I have to remind myself as I am implementing these sorts of things that it is not a new way of life that I am developing with these new habits, it is simply a change of pace for a while to let my body catch up. Once my metabolic rate is again normal or high I will likely sleep less, and do more but for now I am like the little animal who is hurt ducking into the cave to rest and refeed until I am ready to go live life fully again.
"In perhaps an ironic way, the lower your metabolic rate, the more therapeutic the “junk” foods really are. What people consider to be pleasure foods are things rich in fat and carbohydrates in a very soft, digestible, refined, and calorie-dense package with a low water content. We’ll talk more about the significance of those qualities later. And, as you heal with foods that wouldn’t appear on any health guru’s list of approved foods, you later graduate to eating a diet much closer to what is considered to be the quintessential “healthy diet.” And you won’t gravitate to a healthy diet through iron will or anything like that either. You’ll just come to prefer eating less calorie-dense foods once your body no longer needs a surplus of calories to do its repair work."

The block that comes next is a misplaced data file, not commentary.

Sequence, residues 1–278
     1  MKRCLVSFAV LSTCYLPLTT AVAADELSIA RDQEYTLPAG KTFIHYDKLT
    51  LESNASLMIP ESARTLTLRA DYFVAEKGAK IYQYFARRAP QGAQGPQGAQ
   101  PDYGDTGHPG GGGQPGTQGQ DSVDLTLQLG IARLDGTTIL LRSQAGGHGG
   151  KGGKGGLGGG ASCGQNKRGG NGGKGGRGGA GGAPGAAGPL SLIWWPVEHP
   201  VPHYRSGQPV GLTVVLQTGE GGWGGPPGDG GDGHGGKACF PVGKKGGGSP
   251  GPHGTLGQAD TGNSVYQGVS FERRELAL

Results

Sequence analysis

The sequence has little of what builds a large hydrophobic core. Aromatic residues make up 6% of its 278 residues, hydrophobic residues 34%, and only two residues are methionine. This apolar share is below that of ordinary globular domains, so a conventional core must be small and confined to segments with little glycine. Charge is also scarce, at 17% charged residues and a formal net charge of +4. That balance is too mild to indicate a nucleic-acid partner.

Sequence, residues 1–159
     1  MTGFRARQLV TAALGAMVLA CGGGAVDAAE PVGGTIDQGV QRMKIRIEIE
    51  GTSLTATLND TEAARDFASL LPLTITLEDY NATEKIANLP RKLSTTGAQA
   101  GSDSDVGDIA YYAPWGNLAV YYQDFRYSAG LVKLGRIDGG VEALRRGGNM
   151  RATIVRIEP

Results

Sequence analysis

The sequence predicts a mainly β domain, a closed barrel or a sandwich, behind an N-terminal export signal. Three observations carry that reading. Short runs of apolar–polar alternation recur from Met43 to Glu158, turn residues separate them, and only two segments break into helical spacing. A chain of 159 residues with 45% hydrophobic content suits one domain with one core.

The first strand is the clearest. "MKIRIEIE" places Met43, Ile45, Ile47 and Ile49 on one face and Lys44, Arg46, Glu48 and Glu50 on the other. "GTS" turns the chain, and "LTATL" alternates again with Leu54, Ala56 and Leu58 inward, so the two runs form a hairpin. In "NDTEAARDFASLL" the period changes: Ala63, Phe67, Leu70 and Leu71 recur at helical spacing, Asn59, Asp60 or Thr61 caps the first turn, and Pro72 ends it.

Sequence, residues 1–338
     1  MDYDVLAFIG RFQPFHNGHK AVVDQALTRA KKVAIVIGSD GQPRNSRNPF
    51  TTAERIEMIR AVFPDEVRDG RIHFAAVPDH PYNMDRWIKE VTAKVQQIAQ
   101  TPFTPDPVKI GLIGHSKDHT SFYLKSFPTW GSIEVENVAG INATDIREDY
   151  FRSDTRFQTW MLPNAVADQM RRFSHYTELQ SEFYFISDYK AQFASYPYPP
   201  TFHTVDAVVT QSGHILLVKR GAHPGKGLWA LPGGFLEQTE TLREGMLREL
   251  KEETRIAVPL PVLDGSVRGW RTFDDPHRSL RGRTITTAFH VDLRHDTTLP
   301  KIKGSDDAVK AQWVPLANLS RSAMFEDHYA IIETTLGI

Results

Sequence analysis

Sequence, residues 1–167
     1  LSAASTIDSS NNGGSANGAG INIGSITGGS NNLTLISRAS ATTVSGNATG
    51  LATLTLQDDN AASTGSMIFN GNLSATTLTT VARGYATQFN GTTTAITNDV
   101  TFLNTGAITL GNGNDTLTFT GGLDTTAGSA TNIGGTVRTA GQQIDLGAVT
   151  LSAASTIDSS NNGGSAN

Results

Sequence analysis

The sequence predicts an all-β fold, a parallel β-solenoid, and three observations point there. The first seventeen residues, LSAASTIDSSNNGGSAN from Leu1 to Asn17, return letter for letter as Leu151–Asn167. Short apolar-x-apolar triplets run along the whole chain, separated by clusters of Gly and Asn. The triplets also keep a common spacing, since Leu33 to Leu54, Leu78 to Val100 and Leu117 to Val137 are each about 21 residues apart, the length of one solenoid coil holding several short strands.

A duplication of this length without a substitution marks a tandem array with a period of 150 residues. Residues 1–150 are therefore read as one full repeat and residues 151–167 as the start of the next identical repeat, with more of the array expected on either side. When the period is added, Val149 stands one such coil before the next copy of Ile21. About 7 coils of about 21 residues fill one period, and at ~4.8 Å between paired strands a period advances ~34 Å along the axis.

You may need to refeed yourself to regain energy and that means you may need to eat the dreaded carbs, salt, saturated fats, and maybe even to eat the SAD diet (standard American diet) for a while until your metabolic rate has risen to normal (98.6 F). To regain metabolic health he gives liberty to eat what you want, when you want, how much you want.